Northwest Arkansas Times from Fayetteville, Arkansas on January 30, 1952 · Page 10
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January 30, 1952

Northwest Arkansas Times from Fayetteville, Arkansas · Page 10

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Fayetteville, Arkansas
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Wednesday, January 30, 1952
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Page 10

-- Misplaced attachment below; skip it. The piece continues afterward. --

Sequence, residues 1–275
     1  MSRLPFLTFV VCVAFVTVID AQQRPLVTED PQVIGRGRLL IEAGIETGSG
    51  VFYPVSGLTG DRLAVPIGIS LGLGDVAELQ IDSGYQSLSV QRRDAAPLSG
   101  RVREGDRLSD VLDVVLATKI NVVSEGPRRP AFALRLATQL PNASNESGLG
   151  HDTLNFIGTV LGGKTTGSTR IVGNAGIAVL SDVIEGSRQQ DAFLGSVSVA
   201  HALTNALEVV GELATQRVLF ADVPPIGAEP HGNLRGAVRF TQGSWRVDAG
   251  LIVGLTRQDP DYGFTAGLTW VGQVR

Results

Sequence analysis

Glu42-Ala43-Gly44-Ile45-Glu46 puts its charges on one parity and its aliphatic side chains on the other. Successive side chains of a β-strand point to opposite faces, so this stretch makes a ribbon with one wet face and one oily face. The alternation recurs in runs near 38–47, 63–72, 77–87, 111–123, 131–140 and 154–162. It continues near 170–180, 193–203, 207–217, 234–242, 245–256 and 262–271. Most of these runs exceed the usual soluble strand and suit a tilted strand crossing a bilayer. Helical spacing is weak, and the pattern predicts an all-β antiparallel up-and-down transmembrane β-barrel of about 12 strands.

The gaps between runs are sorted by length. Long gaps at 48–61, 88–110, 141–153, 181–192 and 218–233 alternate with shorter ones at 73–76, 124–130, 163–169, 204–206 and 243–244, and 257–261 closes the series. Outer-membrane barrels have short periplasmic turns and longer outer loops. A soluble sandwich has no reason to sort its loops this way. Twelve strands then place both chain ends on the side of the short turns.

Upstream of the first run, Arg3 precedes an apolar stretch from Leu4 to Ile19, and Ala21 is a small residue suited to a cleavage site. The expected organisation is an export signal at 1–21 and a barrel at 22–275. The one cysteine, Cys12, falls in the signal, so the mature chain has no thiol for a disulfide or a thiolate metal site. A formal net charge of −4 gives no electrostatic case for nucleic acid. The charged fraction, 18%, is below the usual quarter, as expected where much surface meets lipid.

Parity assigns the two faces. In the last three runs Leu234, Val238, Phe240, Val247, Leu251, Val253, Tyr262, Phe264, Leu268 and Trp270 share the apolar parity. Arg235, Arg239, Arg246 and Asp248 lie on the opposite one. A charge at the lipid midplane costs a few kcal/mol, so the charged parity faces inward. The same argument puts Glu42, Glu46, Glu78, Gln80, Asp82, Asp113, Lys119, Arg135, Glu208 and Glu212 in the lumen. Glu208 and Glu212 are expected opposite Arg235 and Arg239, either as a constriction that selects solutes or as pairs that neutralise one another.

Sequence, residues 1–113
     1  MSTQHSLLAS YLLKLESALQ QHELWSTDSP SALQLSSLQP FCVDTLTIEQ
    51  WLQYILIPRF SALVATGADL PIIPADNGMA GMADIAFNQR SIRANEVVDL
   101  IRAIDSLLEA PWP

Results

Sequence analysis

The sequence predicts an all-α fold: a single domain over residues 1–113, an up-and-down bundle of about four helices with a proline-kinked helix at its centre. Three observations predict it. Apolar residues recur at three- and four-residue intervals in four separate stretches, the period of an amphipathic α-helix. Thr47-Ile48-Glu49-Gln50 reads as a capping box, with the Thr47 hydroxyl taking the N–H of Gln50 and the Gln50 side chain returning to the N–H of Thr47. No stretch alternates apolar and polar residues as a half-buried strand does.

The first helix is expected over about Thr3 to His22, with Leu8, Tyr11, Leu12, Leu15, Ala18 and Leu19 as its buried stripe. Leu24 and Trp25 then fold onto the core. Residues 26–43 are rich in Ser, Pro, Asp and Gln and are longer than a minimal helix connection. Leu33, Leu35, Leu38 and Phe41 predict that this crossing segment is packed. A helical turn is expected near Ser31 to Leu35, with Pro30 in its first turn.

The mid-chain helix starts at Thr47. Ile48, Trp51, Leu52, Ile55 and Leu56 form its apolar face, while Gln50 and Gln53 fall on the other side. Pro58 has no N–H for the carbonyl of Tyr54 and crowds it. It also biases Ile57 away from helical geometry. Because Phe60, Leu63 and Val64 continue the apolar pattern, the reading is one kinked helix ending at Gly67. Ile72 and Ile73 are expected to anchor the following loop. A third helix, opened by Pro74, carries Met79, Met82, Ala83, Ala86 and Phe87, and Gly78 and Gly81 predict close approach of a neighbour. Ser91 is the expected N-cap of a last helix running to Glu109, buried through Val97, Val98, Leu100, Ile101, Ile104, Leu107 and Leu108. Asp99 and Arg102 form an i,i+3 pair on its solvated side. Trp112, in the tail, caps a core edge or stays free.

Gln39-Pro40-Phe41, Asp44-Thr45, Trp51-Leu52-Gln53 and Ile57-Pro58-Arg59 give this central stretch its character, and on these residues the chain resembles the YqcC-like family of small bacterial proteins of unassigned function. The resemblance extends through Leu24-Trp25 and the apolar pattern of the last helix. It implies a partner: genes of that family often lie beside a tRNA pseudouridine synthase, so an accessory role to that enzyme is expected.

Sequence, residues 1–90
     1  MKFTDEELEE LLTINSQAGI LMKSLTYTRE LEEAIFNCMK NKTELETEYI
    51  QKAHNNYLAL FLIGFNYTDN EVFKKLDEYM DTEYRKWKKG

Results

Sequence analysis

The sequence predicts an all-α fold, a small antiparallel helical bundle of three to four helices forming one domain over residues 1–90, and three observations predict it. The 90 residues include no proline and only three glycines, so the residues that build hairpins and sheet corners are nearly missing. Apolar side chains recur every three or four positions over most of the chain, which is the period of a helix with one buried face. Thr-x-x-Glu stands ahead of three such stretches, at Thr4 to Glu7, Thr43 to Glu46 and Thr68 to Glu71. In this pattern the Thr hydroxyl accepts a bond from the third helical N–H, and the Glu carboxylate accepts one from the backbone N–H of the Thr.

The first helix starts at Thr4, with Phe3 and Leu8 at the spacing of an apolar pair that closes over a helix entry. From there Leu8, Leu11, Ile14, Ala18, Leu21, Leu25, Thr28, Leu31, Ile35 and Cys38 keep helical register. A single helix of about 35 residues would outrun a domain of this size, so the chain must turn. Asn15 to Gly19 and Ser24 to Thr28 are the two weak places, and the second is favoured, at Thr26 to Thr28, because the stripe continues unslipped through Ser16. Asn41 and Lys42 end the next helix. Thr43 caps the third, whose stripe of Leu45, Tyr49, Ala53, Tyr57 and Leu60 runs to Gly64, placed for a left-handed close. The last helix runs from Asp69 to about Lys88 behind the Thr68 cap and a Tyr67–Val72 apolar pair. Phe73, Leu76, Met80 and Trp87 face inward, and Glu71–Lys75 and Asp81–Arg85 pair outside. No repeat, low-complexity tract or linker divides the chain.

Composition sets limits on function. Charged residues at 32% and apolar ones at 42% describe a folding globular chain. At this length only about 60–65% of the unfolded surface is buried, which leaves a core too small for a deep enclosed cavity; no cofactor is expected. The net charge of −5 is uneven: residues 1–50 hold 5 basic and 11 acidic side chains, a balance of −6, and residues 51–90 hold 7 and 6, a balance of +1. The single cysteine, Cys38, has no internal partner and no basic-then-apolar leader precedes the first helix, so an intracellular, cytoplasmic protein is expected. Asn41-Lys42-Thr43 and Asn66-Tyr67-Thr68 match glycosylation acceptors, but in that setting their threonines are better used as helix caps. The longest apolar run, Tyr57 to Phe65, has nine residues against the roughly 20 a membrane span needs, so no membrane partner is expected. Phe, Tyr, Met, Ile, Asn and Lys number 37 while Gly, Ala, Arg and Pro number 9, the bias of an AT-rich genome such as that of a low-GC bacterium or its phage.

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TO--MORTHWHT ARKANSAS TIMIS, raytttavlll*, Mmmm Wwlnorfay, January JO, 1*51 7 Russell Urged To Enter Race For President Georr:i Senator's Backers Deny Move To Stop Kefauver ·(.TlrSnul'.'cni Democrats today wrio reported put- ·tjni? heavy pressure on Senator .Russell (D-Cin) in formally enter ,thc party's prcsidcntinl r.arc. .At the same time, Senator Mny- ' bank (.D-SC) heatedly denied Hint Russell's h a r k r r s are nut "lo stop" Senator Kcfauvcr (D-Tenn). President Truman, or niiy other 'Democrat. 1 "f hope Senator nusscll will /·How us to nominate hiri," May..bank. said. "His friends arc not limited to 'Southern Democrats." . i.. Miybank said ho cnlcrliilnrri "T36v. Janice F. Byrnes of South "Carolina., hero (his. w e e k e n d . jByrncs,-former secretory of ulnlc, Xl.S. senator and assodntc justice , flf.lhe Supremo Court, lins been ·highly critical of the president mid his "Fair Dciil" In recent tnonlliB. .-: The activity muring Southern :t)«mocratt recalled the walkout ilBjrcd nt the 1948 convention by ·All 22 Mississippi delegates and % GALLON Vanilla Ice (ream 64c ttolltind tf«t. Ucktr Plant I PLAN TO BUILD ·« Our MitirliL Gtl Our Prlcti. Trr Our S«T|«. DfKE \UrVklER Cd III St. Chtrlw linlf of the 26 Alabama dolctfules. Other Southerners stayed behind to pile up 203 votes for Scn- i a t o r Russell while President Trti- I m a n wun the noMlnallon w i t h 1 !fl47',j votes. .. . · . · | Both Msybank and Senator .1 Johnson "(D-Tox), In scparalc ! comments, denied a story l;y the [Miami (Kla.) Dally Ncw» t h a t they M'cacl a "slop Kcfauvcr" drh'c by plugging for nusscll. . "I haven't taken any position for or against any Dcmocra prosidcnllal. randidale," Johnson told a reporter. Russell expressed surprise. "If my name i s ' b e i n g u s e d ' . t o stop ; anybody, it's t h e ' first .f know . a b o u t U" he commented! Entertainment At Zion School Is Scheduled A "woinanlcss wedding" and olhcr entertainment will be held Friday nlchl, In the Zion School llouso to raise funds for rainodcl- ins n room of the school house into a modern community kitchen, The program, sponsored by the Zlnn-'Oiilt .Craiijic, will besln at 8 p. m. The kitchen, when built, will be available for the children of the school for hot lunches. In a mock ceremony, "Rosebud Dellciitcsmm," 1 played by George UhKclfoiich, will "marry" a' bridegroom called "Archibald llerculbb llcncllighl," plnycd by Bert Donaldson, . Sr. "The Hev. Dr. Ty . Knots," played by Jim Powell, will officiate, · After the ceremony, a three- i tiered wcddinc cake lopped with a inlnln.tmo bride and groom, w i l l be auctioned to the highest bidder. ' Money from the cake sale and a Ramc festival which follows will be used for the kitchen proj ccl. Others who w i l l lake part include 1'nt Donaldson, who as "Sophia Gofvocks" will shin, accompanied by Kllccn Anderson as "flossy Patl-ur-skl". at the piano; Godcn Ivcy as "h'a D. GoodfiRure," matron o( honor; Howard Anderson as- "Octavia Mnldcnblush," and Ray ncxrnnd ns "Hcnryctta Bird," bridesmaids. Eugene Etlriy as "Bum Hcad- JlKhl," brother of the bridegroom and best man; Lylc W n h a v c n as ''Kaknln Custcr" and Flavy Powell as "Buster Garter," ushers; W. T. Giles as "Sweet Pea Shortsklrt," the 72-year-old flower R l r l j Bob Overtoil as "Bronco Delicatessen," father of the bride; Col. Jack OlSR* as "Cicero Lcltout," the rejected suitor, and Ralph Morrison as /'Mrs. Daisy 1 Delicatessen, ' mother of the bride. INTEREST FOCUSES ON STATES WITH PRIMARIES CANDIDATE'S CONSENT REQUIRED CANDIDATE'S CONSENT NOT REQUIRED STATES HOtDING CONVENTIONS WITH NA'lONAI CONVENTIONS only m lew irionuu away, InUrest li I s.tlons are numbers of delegate to the Republican national convention, .focuxcd on Rtatca with primary elections. Numbers bctow atate mbbrevi-1 ncheduled for July. Dates In slates are dates primaries will be held. Eden Says Agreement To Satisfy The Aspirations Of Egypt Is British Aim London-(/Tj-f Anthony Eden Sccrclary*- sald yesterday WALT BEACH OvaranMcd Witdi RtpaMnf wim II I. entw tti*M r Avrnrirvihi-ii »·« ·M »n HrirlH WHO FIXES RADIOS? We've Been Serving Yoa 20 Yean SMITH RADIO SHOP Special Consignment 100 Head Good White Face Heifers and Cows To be sold Saturday, Feb.2 Better look these over as this is a real opportunity to buy some extra good cattle. HILTON BROS. SALES BARN Highway 71 North SALE EVERY SATURDAY AT 12 NOON Britain wants to reach nsrccmcn* on defense of the Suez Canal Zone which "would meet Egyptian aspirations." The foreign secretary told the House of Commons Britain's offer n negotiate wJlh fcgypt s t i l l stands. "I have always believed t h a t it should be possible to rind a solution of the differences between this country rind- Egypt which satisfies the legitimate national aspirations nf the Egyptian people, find at t h e same time cloe.v not jeopardize I he security of the free world," Eden said. A new premier lias been appointed in Cairo, and there has been hope Egypt and- Britain can Kct together and reconcile t h e i r ! bitter differences over ihe Sucz| Canal and the A n g l o - E g y p t i a n ' Sudan. King Fnrouk named Aly Mahcr Pasha ns premier following the wild rioting in Cairo Satur; day t h a t claimed at least 67 lives, eight nf them British. Egypt has been demanding ihc removal of British troops from the vital canal area and the placing of the Anglo-Egyptian Sudan under Karouk's rule. The Saturday rioting came after bloody elastics in the Suez Canal Zone itself between British forces and both Egyptian police and irregulars. Eden said the defense of the Suez Canal Zone was not "ex- j clusivcly an Anglo-Egyptian i n - i tcrcst, but one in which we have ! an internal ional responsibility." His statement added: | "In these last weeks there have! been many violent episodes w i t h ; their accompanying loss of life.; Memory of them, bitter though it must be in both countries, should , not prevent us from looking and! working towards a better future. "It remains our hope that thi passions will cool and that it will then be possible to reach a settlement in which each side will respect the sincerity of the other's point of view." Oakland and Zion Mr, and Mrs. Bill Plumlcc and children. Sandra, Betty and Billic, of SprinRdalp were Sunday dinner cuestfi of Mr. and Mrs. William Hulsizcr of Zion. Mr. and Mrs. W. P. Faster of ing his furlough at fingers with his family. , The Hev. J. S. Whillcy preached at the Oakland Church Sunday. Sunday dinncr'sucsts of Mr. and Mrs. O. G. Plumlce. were Mr. and Mrs. Lymon Houston and daughters, .lo Anna and Jerri Lynn, oi tSpringdalc. The Rev. and Mrs. H. E. Plumlce called during the evening. McMath Says He Will "Suggest" To Legislature Lltlle nocM/l'J-Govcrnor Mc- Malh, while doriRinfi mention ol Ins 1952 political plans, said yes- tcrdny lie will make several recommendations lo Ihc 1053 legislature. These recommendations will ineluclc: Creation of a central purchasing ngcncy; Establishment o[ central personnel agency; Sufficient funds to guarantee 9-month terms for all schools; Increased teacher salaries; and Equalization nf salary scales of (rained technical and professional employes with those of other states. McMath said the retiring governor ax well as the new governor can make recommendations to the legislature. McMath has not said he will seek a third term as governor, but he generally is considered to be a candidate. Nursing Home Told To Meet State Standards Little Rock-Wl-Pulaski Chancellor Frank Dodge has ordered the Hocott Nursing Home lo comply with state health standards within 60 days or face permanent closure. Judge Dodge's ruling yesterday squelched the defense's protests t h a t nursing homes were not under jurisdiction of the Arkansas Health Department. The decision also continued a temporary order issued Novenv- bcr 27 restraining the home (mm Your Public Library Fiction "Jefferson Selleck," by Carl Jonas. Jefferson Scllcck epitomizes a phase of. Middle West culture. "The Lute Player," by Norah Lofts. The sLirrins story of a strolling minstrel who vainly loved a queen. "The Prodigal Brother," by McCready Huston. The search for a faith to live by in our times. "Chosen Country," by John"Dos Passes. A novel about two people who were meant for each other. "The Giant," by Feike Feikema. The third and most dramatic volume of the trilogy. "Winds of Morning," by H. L. Davis. Another story of the Columbia River country by the author of "Honey in the Horn." 'The Restless flame," bv Luuis DC Wohl. A novel of St. Augustine. "The Dark Moment," by Ann Bridge. Turkey of the 1920's. History in the making. "The Catherine Wheel," by .loan Stafford. One last happy summer at the New England shore. "Port of Call," by Maxwell Griffith. A riotous two-day liberty in a Cuban town for the crew of B big aircraft carrier. "The Earthbreakcrs," by Ernest Haycox. His first serious novel of pioneer Americans in the old West he knows so well, "The Grand Crevasse," by Roger Frison-Hoche. Translated from the French by Janet A-. Smith, it has sold more than half a million copies in its own country. "The Road to the Sun," by M. S. Douglas. Scene is Miami. Non-Fiction "The Confident Years." by Van Wyck Brooks. The final volume of the literary history of the United States. The scries began with "The Flowering of New England." 'You're As Young As You Act," by Margery Wilson. This will give you a new lease on life. "Back to Mandalay," by Lowell Thomas. The daring exploits of Gen. Orde Wingate, fabulous guerrilla fighter and the gallant American air commandos in the jungles of Burma. , "It Happens Every Thursday," by Jane Mcllvaine. Two young editors'prove that free enterprise can still work, and sometimes hilariously, in America. "Treasury of Western Folklore," by B. A. Botkin. 500 stories, anecdotes and legends from our na- tional heritage. "Conqueror in Chains," by Donald G. Miller. A story of the Apostle Paul. "Immigrant's Return," by An- gclo M. Pellegrini. It tells as much about America as it docs about Mr. Pellegrini and Italy. by Outlawing Of Segregation May Bring legislative Action "Quest For A Lost City,' ~. Dana Lamb. An adventure to th south, down the west coast 01 Mexico into the forbidden land oi the Mayas. "Between Sittings," by Jo Davidson. The dean of American sculptors has portrayed more noted people t h a n any other living artist. This is Jo's own story. "Born of These Yrars," by Perry Burgess. The inspiring, many- faccted story of Dr. Burgess and his wife, Cora, and their d i f f i c u l t but rewarding battle against Icp^ rosy. "Sweet Cork of Thee," by Robert Cibbings. A new one for the Gibbings' fans. "McCall's Book of Modern Houses," Twenty-nine modern houses designed by outstanding architects as featured in McCall's magazine. It has 130 photographs and complete floor plan?. "Treasure in the Dust," by Frank C. Hibben. Exploring ancient. North America. "Culbcrtson's Hoylc," by Ely Cubertson. The new encyclopedia of games with official rules. "New York Today." by Agnes Rothery; "Mister Zip," by H. Allen Smith; "Wildlife in Color," by Roger T. Peterson; "Primer for Pregnancy," by Nancy Fcathergill; "Your Baby and Mine," by Mildred Kid rede; "Part IPS on a Budget," By Louise P. Bell. Two beautiful new art books have been received by the library this week as memorial gifts. They arc: "American Painting," by Virgil Barker, given by Mr. and Mrs. Jerome McRoy in memory of Mrs. Joseph G. Wilkinson. "Gaugin," by John Rewald, given by Mr. and Mrs. Fred Thornsen in memory of Mrs. Mageane Mitchell. Many of the glazed tiles used for paving floors in France's Renaissance palaces were the work o£ Masseot Abaqucsnc, famous potter of. Rouen. Natural gas has practically no smell. Snn Al.ioi.io, Texas, were week- j acccptiiiR further patients. end Riicsts of Mrs. Foster's par-, cuts, Mr. and Mrs. Lonnie Savage/ Guests of Mr. and Mrs. William M a h a n Sunday afternoon were Mrs. Lee Brown of Santa Paula, i Calif., and Mr. and Mrs. Bob I Lambert and son, Curtis Lee, off Rogers. Mr. Lambert has just r e - j turned from Korea and is spend- Movies arc really wonderful! Enjoy them often! Hailed by critics at Jon«'i most outstanding mevlt rote! · NOW SHOWING * 1:00 * 3:05 - 5:15 - 7:20 . 3:30 OZARK Tonllt «"u Friday Bhowi 7:00-9:00 P.M. N e w l Evon " WEDDING .Vtll or IHE HUE VEIl? , . JANE WYMAN .,' THE BLUE VEIL Charles Richard Joan' UUIGHTON-CARLSON-BLONDEU «V*V ^ tilACE Today k Thurtdly ·pxorricc OPENS n:«s FM | Kwl Ivft fenny C«rt««n YRONE POWER JESSE JAMES Get the MOVIE HABIT - - Attend Regularly. 1 i! A Prescription Is An Order . . . An order from your physician that m u s t be carried out wilh ulmosl precision, Depend on our experienced pharmacists to fill your prescriptions, See us when in need. Coll 3010 FREE DELIVERY CONYERS PHARMACY CORNER BLOCK * DICKION NEW--FIRST A DAI I A Nights thru Sat. 7-9 SHOWING MrWI.I.W Matinee Sat. 2:30 SEASON'S TOP ACTION THRILL SHOW ADVENTURE-SWEPT DAYS of the Troc«y Robwti Addtd -- "1151 FOOTBALL HCADLINERS" -- · DISNEY It NEWS COMING SUNDAY, 2-6-8 -- Mon-Tuts 2:30-7:30 By REX THOMAS Montgomery, Ala.-f/Pj-Southcrn stntcs may resort to drastic legislative actions to keep Negroes out of their white schools if the Supremn Court finally outlaws segregation. Steps leading toward abolition of the public school system in favor of privately operated classrooms have already been taken in Georgia, South Carolina and Virginia. Similar measures have been openly threatened in Alabama and strongly hinted in Mississippi". One Negro educator, President F. D. Patterson of Tuskcece Institute, expressed doubt that a majority of the white people of the South would consent lo a private school system as long as they pay. taxes for education. Any substitute lor publicly operated schools. Dr, Patterson said, would be "just another subterfuge" and probably unconstitutional. "Sooner or later mandatory segregation will have tn go," he predicted. But the legislator who repre- ents Ma con County, where Tuske- gcc Institute is located, disagrees. Rep. Sam tfngclhardt is already working on a bill to create a nrivntc school corporation if the Supreme Court rules out seercga- 'ion. He has tried once, but in f a i n , to get through a legislative act cutting off state funds if Negroes were ordered admitted to white schools. Georgia hat already done what Engelhard t failed tn accomplish. The appropriation passed last year says state 'money will be cut off for any "school forced to loach Negro and white students together. If South Carolina loses its fight against mixed schools in 1hc courts, Gov. James F. Byrnes says, the state will abandon its public school systems. At his request a constitutional amendment has been proposed in the ligislature to do just that. | Bills also arc pending in the ' V i r g i n i a legislature to set up privately operated but state-subsidized schools. Gov. Hugh White in Mississippi hasn't said so publicly, but a close associate predicted he will ask for immediate legislative action if .scg- gregation is held unconstitutional. Choose your jeweler before choosing, jewelry--Bccbc'rf .Ifl-fit EVERYTHING IN PLUMIINO and SUPPLIES FAYETTEVILLE IRON arid METAL CO. GOVERNMENT AVE. for less money! Kpre *re two superb hearing aids by makers of world famous'Zenith Tele, vision Radios. FM Only Zenith Hearing Aids hav# exclusive new. patented KRMWTHONE that assures excellent performance under extreme heat and humidity-Come in now' Bone conduction Dtrlco Avalltble »t Miritrklt Extra Cost Comt in for FXEE Fack«tTf Emiry Board Contocf Cltantrs KASV PAYMENTS DIXIE RADIO 431 Dickun U. of A. Basketball Games OPEN TO THE PUBLIC Thursday Night, January 31 Razorbacks vs Pitt sburg, Kan. Teachers Game Time 8:00 Arkansas Freshmen vs Beebe Junior College Gam* Time 6:00 UNIVERSITY OF ARKANSAS FIELD HOUSE Adults $1.00 Children and High School Students 50c ToHlALJH D/ZZY S«US, NFRVOUSNfSS, BLOATING, ARTHRITIS, STOMACH AILMENTS, NEURITIS, RHEUMATISM, HEADACHES, WEAK KIDNEYS, Toilni, Wstk Back, Actds, Frequent Rising nt Night. Lum- btffo. L«g Pains. Lack or Vitality. Had Breath. SlecplMe Mgftta. Bud Complexion. Quick Relief RcrardlcM nf how Innr Ton have suffered tht*e symptom*, it on be due lo a lack of NATURAL MINERALS in your s;item. Yoa can now free your body at these complaint* with HOPE MINERAL TABLETS. You need not wait months for results as these marvelous tablets will prove thtir benefit in JUST A FEW DAYS. When you have reached the end of your rope, when your Towers Are weakened and aches and pains Ret you down; when your eyes no longer sparkle and yon are nervous and tired--HOPE MINERAL may be what your body is asking for. Natural Minerals HOPE MINERAL IS ABSOLUTELY NEW and contains tnces of FIFTEEN different minerals, blended by nature. U is NOT made up of artificial ingredients with a lot or alcohol ! added lo give you a temporary i lift. HOPE MINERAL con- i tains only natural minerals, no i dopes, no oils, and Is not habit · forming. Even doctors cannot . make It. because it Is TAKEN , FROM THE EARTH, made by ; Mother Nature! Enriched Blood These mlraciloui tablets will enrich your blood--give you more pep and energy, will get down to the cause and itart I your lai; organs working again. It will bring back aowen lyou thought y*u had lost. When you Feel and Ixmk OI* Hefore Yoir Time and yoi make life miserable for othen, turn to HOPE MINERAL. AFTKR ulng Hop* Mineral, watch your elimination. The wan will become black u night--Hut !· N« ItecMie Alarmed--Ihe minerals an do- Ing their w.rt. When y« begin I* feel tke relief uuls« over y«ur a**?, ke thaukf *l y»u Colon Illustrations NOCK _ LrKE IMPACTIOt* IN 'bEfCENTXN.' COLON - · · - . ; . , ABNORMAL COLON. Beware if this condition which may lead to complication!. N6KMAircni.ON.~MiiTeir«ls will help keen the imlM-lei nf ytrtir col*n Dm and health?. have found HOPF. MINERAL, The door t* health Is open lo yn . . . Guarantied BONT SUFFER ANOTHER, MOMENT-- Life Is to* short. Get a bottle of . Hupe Mineral TaUeU at your dng lUre. UK It, MMI 1C you are not anuied at Ihe resulu, we will gladly refund your rmcE II.M PHONI 717 IAST SIM SClUARI SB-